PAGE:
Climbers already have rucksacks, a good down bag can go in hand luggage and Walmart supplies the rest.

patto · · Unknown Hometown · Joined Jul 2012 · Points: 0
Jim Titt wrote:I´ve flown to the USA to camp (as a climber) a few times. The extra weight of camping gear is actually minimal compared with the rest of the junk, between 2 people you get 46kg hold luggage and the camping gear is maybe 5-10kg. An extra 23kg hold bag from Germany costs $65 so paying you over $1000 for a two week trip makes no sense whatsoever anyway. Climbers already have rucksacks, a good down bag can go in hand luggage and Walmart supplies the rest.
THIS.

If your trip is long. Visit walmart for basic stuff or just take it ALL with you. I've never had any issues.

For a shorter trips you might not even have a car so packing light is a necessity that isn't fixed by a big camping kit unless it is delivered at the campground.

Last climbing flight I took I fit it all into one rucksack. Tent, sleeping bag and essential clothes and basic stove. I brought a smallish rack and no rope. I climbed with people who had a rope. At worst I would have just bought a rope if necessary.
DrRockso · · Red River Gorge, KY · Joined Sep 2013 · Points: 181

I see your target market as people who have little to no camping experience and want to test the gear before they decide if they want to buy their own or people who are probably only going to go camping once or once every several years and don't want crap they barely use cluttering up their garage. Maybe you could give people the option to keep the gear for X amount if they decide they like it, and it would save you on return shipping.

Chris C. · · Seattle, WA · Joined Mar 2016 · Points: 91

If you aren't in an area with an REI or a similar store, do know that REI has a plethora of camping and mointaineering gear for rent. A lot of guiding companies also rent gear to clients and non-clients alike, such as RMI.

Seems like a very tough business model if that is your only revenue stream. Make sure you do the math on everything. God speed!!

eli poss · · Durango, Co · Joined May 2014 · Points: 136
Chris Ccc wrote:If you aren't in an area with an REI or a similar store, do know that REI has a plethora of camping and mointaineering gear for rent. A lot of guiding companies also rent gear to clients and non-clients alike, such as RMI. Seems like a very tough business model if that is your only revenue stream. Make sure you do the math on everything. God speed!!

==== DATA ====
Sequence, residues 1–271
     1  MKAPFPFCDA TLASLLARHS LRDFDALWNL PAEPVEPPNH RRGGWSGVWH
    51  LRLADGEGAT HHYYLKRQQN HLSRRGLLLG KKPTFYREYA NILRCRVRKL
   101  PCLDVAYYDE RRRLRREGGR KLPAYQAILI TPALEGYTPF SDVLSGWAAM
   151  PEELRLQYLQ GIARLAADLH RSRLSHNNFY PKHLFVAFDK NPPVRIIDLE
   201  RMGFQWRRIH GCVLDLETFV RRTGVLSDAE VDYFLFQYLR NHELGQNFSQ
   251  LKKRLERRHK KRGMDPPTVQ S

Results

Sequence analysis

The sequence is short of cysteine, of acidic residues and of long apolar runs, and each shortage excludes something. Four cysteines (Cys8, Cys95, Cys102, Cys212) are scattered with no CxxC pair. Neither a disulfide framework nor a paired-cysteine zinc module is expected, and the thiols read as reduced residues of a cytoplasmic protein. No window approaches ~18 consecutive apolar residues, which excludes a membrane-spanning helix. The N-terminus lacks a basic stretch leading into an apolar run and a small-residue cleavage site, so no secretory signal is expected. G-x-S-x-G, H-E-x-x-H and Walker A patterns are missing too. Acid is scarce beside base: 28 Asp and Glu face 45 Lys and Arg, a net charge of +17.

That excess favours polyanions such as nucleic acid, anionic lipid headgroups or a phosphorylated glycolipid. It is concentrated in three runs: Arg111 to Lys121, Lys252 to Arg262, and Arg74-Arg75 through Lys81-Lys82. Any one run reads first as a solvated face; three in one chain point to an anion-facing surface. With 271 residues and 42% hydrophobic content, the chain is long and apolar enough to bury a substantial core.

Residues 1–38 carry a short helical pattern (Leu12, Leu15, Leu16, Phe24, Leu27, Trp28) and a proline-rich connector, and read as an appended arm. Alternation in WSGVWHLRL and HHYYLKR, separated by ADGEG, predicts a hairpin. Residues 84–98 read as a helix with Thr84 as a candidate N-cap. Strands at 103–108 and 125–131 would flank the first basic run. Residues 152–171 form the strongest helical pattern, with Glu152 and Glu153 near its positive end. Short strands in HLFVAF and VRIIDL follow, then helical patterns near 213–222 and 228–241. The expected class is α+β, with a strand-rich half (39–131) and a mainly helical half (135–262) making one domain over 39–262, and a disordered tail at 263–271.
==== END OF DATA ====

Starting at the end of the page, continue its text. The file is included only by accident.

Agreed it seems like a tough business model. If you're dead set on it, I think adding more flexibility would help, like having the option to rent individual items or a discount on a package. Also, a wider variety of equipment, like winter specific gear, trekking poles, tarps, bear-hang kit, etc would help expand your market. Doing specialty items that most people don't want to buy just for one trip may open up another market as well. And the option to buy if you like the product you rented would help for people trying camping out for the first time.
AmandaM · · Jackson, WY · Joined Apr 2010 · Points: 0

We just car-camped in Kauai for two weeks, and rented:
1 6-person tent
air mattress and bedding
cooler
2-burner stove and fuel
pots and pans, utensils, etc
bath towels
plus a bunch of misc beachy items for....
$225 total for 2 weeks!

Granted the quality of the gear wasn't the best, but we wanted to go car camping for two weeks on the beach and not have to fly with or ship all of our gear.

Your crates really seem to have the bare minimum. This is essentially what I would take on a backpacking trip, not a car camping climbing trip. If I'm traveling somewhere to backpack, then I'm going to pack my own gear and fly with it...

If you really want to cater to people who are going climbing and just don't want the hassle of bringing all their camping shit with them, then I would think you should add in a cooler, a real stove (aka big 2-burner), some pots and pans and utensils. These people probably don't need a backpack because they will be bringing that with them stuffed with all of their climbing gear. Also, the price seems too expensive for what you're getting at the moment. Just my two cents.

Kyle vH · · Unknown Hometown · Joined Oct 2006 · Points: 3

I was thinking of renting a rope to climb in Kalymnos Greece. I've considered renting a crash pad for bouldering when I fly to a destination. But I think there are likely local places to rent at most established areas. I'd consider renting large cams, like BD #6 and above.

I've rented snowshoes and some other equip from REI which worked pretty well. But a mail-rental service might be pretty nice, driving to REI was a deterrent and you have to go twice.

But I've never rented camping gear for a climbing trip. I already have that gear. I think most of the folks here aren't your target demographic. Rather, your demographic is more casual campers which I think might really dig this concept. I think the idea has legs, in general. The mail-service is pretty clever I find myself increasingly relying on instacart, grubhub, amazon prime, etc.

Do you know hipcamp? Might be perfect to place ads there. Also check out this startup if you haven't heard of them: joymode.com

Guideline #1: Don't be a jerk.